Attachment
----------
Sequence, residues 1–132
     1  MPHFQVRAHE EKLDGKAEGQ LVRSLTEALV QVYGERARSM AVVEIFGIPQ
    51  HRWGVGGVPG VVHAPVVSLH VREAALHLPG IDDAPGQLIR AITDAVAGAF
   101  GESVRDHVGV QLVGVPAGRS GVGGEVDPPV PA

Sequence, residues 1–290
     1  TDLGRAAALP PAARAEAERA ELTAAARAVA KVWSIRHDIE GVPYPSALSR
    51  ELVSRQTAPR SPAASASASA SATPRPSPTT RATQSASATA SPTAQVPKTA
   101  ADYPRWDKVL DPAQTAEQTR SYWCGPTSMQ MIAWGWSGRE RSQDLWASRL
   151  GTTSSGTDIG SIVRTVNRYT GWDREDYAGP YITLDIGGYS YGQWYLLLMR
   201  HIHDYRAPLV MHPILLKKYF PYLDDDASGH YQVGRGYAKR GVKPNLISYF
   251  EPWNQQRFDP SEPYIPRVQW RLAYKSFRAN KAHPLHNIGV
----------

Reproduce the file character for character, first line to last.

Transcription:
Sequence, residues 1–132
     1  MPHFQVRAHE EKLDGKAEGQ LVRSLTEALV QVYGERARSM AVVEIFGIPQ
    51  HRWGVGGVPG VVHAPVVSLH VREAALHLPG IDDAPGQLIR AITDAVAGAF
   101  GESVRDHVGV QLVGVPAGRS GVGGEVDPPV PA

Sequence, residues 1–290
     1  TDLGRAAALP PAARAEAERA ELTAAARAVA KVWSIRHDIE GVPYPSALSR
    51  ELVSRQTAPR SPAASASASA SATPRPSPTT RATQSASATA SPTAQVPKTA
   101  ADYPRWDKVL DPAQTAEQTR SYWCGPTSMQ MIAWGWSGRE RSQDLWASRL
   151  GTTSSGTDIG SIVRTVNRYT GWDREDYAGP YITLDIGGYS YGQWYLLLMR
   201  HIHDYRAPLV MHPILLKKYF PYLDDDASGH YQVGRGYAKR GVKPNLISYF
   251  EPWNQQRFDP SEPYIPRVQW RLAYKSFRAN KAHPLHNIGV